However, the next year, 1916, the legislature further amended WCL 15 to create what eventually became the Special Disability Fund and to provide for a limited situation whereby a claimant's prior disability could be considered together with a new injury: where the claimant previously incurred permanent partial disability through the loss of one hand, arm, foot, leg or eye and then incurs permanent total disability through the loss of another member or organ, after the cessation of schedule award payments for the loss of the second member, the claimant shall be paid a special additional compensation for the remainder of claimant's life of 66 2/3% of claimant's average weekly wage. This special additional compensation was to be paid out of the newly created special fund. The amended statute provided that this special fund was to be funded by carriers paying the state treasurer $100 for death cases in which there was no persons entitled to compensation.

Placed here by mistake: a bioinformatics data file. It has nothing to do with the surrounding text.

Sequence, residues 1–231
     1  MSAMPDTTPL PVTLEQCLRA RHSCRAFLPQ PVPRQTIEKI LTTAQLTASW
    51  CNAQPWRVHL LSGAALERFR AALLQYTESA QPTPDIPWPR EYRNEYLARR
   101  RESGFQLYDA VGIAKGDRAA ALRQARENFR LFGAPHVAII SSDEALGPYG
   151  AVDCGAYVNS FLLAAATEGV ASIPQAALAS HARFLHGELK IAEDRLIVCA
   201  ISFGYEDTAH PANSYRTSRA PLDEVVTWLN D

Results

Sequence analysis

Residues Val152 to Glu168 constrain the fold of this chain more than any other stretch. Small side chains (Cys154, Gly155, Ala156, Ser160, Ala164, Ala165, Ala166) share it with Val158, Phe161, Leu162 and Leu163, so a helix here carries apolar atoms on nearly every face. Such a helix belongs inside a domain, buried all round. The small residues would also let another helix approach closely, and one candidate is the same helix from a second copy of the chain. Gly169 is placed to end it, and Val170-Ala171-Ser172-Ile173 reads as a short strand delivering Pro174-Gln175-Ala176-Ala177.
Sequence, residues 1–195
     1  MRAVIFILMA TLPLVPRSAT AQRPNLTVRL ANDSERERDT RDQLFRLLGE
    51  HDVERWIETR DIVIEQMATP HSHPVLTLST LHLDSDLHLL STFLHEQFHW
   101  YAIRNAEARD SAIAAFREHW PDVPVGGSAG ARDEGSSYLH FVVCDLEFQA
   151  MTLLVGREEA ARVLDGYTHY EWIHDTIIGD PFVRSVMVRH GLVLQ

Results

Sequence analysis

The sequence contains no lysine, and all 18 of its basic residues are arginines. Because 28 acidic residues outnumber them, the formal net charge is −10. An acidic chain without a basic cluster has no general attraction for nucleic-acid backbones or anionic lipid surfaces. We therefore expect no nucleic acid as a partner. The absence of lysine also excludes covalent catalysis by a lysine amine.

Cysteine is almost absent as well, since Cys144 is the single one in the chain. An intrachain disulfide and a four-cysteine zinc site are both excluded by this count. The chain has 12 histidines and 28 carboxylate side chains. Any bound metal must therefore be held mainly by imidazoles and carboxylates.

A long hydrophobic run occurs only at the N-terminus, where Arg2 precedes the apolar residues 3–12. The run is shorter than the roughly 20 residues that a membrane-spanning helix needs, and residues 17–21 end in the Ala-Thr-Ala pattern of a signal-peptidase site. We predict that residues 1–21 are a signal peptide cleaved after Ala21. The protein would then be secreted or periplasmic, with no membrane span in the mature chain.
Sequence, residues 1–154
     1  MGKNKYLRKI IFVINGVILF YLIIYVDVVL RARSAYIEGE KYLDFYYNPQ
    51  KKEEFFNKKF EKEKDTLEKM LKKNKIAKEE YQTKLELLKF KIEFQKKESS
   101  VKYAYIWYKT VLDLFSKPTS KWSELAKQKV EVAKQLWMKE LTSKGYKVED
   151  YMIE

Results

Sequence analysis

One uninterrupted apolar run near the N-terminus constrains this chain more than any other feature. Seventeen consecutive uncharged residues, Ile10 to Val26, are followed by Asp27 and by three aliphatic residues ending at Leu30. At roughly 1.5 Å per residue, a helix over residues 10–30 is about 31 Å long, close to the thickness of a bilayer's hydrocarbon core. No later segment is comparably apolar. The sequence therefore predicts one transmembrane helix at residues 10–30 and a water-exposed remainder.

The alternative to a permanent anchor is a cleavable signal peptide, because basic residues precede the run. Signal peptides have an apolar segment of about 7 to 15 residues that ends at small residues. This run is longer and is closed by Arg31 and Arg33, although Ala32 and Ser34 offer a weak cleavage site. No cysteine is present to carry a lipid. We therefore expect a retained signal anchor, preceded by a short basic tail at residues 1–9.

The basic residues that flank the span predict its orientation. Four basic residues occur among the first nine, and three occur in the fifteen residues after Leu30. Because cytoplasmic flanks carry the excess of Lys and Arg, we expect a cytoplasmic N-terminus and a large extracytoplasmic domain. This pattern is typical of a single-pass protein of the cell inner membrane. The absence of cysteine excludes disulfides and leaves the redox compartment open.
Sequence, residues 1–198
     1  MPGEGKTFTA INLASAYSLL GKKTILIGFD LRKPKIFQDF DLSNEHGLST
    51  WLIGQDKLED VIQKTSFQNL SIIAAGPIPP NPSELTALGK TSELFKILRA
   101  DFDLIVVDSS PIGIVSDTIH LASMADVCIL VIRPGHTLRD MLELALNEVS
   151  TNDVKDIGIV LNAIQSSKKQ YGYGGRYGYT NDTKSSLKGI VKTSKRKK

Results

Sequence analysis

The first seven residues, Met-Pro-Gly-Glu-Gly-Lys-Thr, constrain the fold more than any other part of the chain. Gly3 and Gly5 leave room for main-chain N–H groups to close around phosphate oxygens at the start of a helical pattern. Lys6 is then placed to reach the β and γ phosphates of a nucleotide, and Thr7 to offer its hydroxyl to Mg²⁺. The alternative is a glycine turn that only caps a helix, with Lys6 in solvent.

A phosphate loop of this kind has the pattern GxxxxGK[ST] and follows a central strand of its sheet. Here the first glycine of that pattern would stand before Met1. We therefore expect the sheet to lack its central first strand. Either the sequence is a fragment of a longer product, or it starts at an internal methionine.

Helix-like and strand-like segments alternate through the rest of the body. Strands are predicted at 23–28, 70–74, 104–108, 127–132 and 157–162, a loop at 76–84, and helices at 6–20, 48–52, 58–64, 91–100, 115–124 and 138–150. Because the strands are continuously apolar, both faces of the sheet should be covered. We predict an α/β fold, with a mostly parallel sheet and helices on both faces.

Expansion of Disability Fund at the time of World War II: Following its creation in 1916, there were no significant legislative changes involving this special funds until 1944, when c. 686 of the Laws of 1944 was enacted, which was in initial attempt to establish the Special Disability Fund as we know it today. The 1944 Act amended WCL Section 15 to greatly expand this fund to help returning World War II veterans and other partially disabled persons. However, there were many problems with this 1944 Act, such as insufficient funding for the new provisions and an unreliable method of payments to claimants.

In 1945, the legislature repealed the 1944 legislation and enacted a new, more carefully drawn Subdivision 8 to WCL Section 15. The 1945 Act contains a declaration of policy and legislative intent that was placed in Section 15(8)(a) and remains in the statute today:

(a) Declaration of policy and legislative intent. As a guide to the interpretation and application of this subdivision, the policy and intent of this legislature is declared to be as follows:

First: That every person in this state who works for a living is entitled to a reasonable opportunity to maintain his independence and self-respect through self-support even after he has been physically handicapped by injury or disease;

Second: That any plan which will reasonably, equitably and practically operate to break down hindrances and remove obstacles to the employment of partially disabled persons honorably discharged from our armed forces or any other physically handicapped persons, is of vital importance to the state and its people and is of concern to this legislature;